My laptop has been in the shop because it couldn’t connect to wireless networks with any sort of consistency. It wasn’t preventing me from doing my work, but considering I have surgery next week and my AppleCare expires in two months, I figured now was the time. So for a week now, I’ve been using Linux as my desktop. I’m extremely glad to be back to the Mac.
But not really because of anything wrong with Linux. As soon as I started using the desktop on the Linux box, it told me I should upgrade from Ubuntu 8.04 LTS to Ubuntu 10.4 LTS, which was time consuming, but afterwards a persistent problem I’d had booting any kernel newer than the one I’d installed it with went away, and it recognized my Wacom Bamboo which it hadn’t before. I had to struggle a bit to get my VPN set up, and it was a struggle to get it to treat the “Caps Lock” key as a control key. And because my Linux box is a server, I’d originally set it up with XFCE4 instead of KDE or Gnome, so it wasn’t as functional and beautiful as it could have been.
No, the real reasons I was glad to be back on the Mac are because:
- The Linux box doesn’t have speakers or a microphone, so I had to set up Skype on a netbook, which made for fun when somebody sent me a file or a url.
- The cut and paste functionality is quite different in Linux, and required some getting used to. It wasn’t very consistent between apps.
- The RDC client I was using on Linux didn’t translate the local printer so that it appeared as my default printer on my Windows session like the Mac RDC client does.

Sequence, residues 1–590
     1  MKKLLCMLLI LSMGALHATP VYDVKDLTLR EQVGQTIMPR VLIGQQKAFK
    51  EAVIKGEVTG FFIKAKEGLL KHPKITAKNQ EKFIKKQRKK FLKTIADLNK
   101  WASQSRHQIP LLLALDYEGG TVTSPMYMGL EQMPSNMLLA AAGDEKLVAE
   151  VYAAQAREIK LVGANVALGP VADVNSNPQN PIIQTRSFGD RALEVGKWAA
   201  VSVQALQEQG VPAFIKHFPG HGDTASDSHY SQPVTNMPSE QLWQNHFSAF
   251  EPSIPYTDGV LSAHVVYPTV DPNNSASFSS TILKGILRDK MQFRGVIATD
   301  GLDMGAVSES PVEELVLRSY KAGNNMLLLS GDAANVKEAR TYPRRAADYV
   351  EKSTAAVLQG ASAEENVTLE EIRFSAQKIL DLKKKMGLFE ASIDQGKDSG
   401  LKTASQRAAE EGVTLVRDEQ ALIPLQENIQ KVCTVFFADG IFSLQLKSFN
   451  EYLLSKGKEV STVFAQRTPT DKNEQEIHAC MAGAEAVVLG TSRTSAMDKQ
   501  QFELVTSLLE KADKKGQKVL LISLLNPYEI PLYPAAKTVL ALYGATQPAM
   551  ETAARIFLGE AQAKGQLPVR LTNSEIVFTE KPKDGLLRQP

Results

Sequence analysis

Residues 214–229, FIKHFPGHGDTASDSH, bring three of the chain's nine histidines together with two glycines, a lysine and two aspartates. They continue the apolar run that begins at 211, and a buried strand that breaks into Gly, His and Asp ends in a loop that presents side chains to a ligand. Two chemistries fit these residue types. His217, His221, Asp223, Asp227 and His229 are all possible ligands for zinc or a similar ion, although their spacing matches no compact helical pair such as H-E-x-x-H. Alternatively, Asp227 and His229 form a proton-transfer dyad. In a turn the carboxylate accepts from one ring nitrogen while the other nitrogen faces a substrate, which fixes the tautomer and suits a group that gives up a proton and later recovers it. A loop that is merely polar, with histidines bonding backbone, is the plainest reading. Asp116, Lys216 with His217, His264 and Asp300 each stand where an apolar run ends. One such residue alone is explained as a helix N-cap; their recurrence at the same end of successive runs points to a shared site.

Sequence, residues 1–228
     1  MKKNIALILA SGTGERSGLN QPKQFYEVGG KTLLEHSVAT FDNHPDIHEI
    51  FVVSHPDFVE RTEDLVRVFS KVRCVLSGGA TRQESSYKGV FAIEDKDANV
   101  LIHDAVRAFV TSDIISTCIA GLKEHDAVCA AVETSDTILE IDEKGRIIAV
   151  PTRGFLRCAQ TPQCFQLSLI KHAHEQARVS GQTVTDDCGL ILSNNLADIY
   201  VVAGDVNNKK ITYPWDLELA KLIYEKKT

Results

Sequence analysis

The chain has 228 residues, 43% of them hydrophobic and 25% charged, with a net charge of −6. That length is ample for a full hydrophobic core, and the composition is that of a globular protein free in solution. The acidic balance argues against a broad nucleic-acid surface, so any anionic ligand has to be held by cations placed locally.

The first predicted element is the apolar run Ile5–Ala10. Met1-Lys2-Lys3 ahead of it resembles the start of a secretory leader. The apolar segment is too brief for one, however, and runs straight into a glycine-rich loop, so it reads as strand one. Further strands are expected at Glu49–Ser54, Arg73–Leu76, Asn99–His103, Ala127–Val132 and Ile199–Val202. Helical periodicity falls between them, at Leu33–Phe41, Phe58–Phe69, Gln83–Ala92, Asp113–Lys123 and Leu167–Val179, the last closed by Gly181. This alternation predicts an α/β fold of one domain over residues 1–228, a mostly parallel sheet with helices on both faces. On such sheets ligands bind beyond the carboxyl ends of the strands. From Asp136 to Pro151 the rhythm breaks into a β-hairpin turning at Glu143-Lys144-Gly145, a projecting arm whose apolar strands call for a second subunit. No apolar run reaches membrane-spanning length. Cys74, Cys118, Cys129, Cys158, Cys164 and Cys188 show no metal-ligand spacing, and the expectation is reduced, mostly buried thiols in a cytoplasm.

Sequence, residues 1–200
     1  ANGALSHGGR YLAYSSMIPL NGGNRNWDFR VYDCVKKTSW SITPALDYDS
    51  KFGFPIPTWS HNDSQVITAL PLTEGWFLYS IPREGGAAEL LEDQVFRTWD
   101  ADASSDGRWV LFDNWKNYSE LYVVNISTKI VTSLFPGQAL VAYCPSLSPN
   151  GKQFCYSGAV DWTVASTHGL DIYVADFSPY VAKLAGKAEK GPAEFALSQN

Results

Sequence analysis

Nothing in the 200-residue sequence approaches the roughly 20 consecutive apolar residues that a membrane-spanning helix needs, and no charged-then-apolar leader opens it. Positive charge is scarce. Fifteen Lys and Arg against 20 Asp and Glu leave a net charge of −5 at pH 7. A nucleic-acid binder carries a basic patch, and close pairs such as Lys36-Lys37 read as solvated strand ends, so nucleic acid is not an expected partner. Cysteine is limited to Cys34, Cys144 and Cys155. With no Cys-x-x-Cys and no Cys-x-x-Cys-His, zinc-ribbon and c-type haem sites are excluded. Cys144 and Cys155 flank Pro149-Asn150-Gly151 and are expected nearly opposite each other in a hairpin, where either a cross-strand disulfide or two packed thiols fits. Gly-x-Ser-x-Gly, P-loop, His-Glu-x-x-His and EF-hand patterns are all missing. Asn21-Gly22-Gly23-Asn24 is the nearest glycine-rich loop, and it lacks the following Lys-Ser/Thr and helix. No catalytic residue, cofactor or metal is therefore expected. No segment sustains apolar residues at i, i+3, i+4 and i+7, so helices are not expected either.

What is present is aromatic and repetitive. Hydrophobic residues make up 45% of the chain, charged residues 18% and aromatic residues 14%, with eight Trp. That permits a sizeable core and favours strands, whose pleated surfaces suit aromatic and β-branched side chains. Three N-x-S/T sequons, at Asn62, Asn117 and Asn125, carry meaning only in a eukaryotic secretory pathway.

- I couldn’t figure out how to switch desktops with a keystroke, especially not when I was RDC’ed into work.
- Without my Mac, I couldn’t listen to my podcasts, and I couldn’t pay bills.
- Most importantly: because my laptop has a 17″ 1920×1280 screen, and I also plug it into this 20″ 1080i screen, but with the laptop gone I only had the one screen to use for Linux, I felt very hemmed in.
So I’m glad to be back. But I’m having to retrain my fingers for cutting and pasting with Command instead of Control.
Vicki and I are refinancing our house. Mostly this is to get a shorter time period, but also to reduce the interest a bit. We kind of dithered about this and missed the best rates, but the one we got isn’t too bad. That’s not what I’m writing about here though.
Because the 2009 tax year was a little light (because I spent some time unemployed and some time working for peanuts), I dug out both our 2008 and 2009 tax files. And while I was flipping through them, something caught my eye: an amount on the 2008 tax form that said something like “Capital loss carried forward to 2009”. Oh oh, I don’t remember carrying forward any amount. Sure enough, I couldn’t find any mention of it on the 2009 tax form. I also couldn’t remember where this capital loss had come from.
I looked back, and discovered it had to do with the sale of Vicki’s mom’s house back in 2006. I’d been using TurboTax in 2006, 2007 and 2008, and it had carried it forward without my even noticing it. (When you have a large capital loss, you can only claim $3,000 each year and carry the rest forward.) But for 2009, I’d switched to H and R Block on-line for reasons I don’t remember. And because I’d forgotten about the carry forward, I hadn’t applied it.
So today I downloaded the 1040X and IT-201X amended tax forms, and filled them all in manually because H and R Block on-line doesn’t give you any way to go back to last year’s return and amend it. (Something which you can do with TurboTax, I happen to know, because I amended the 2006 return using it.) I filled out all the forms and it turns out we’re due a nice little chunk of change. So that’s a nice little surprise consequence of our refinancing efforts.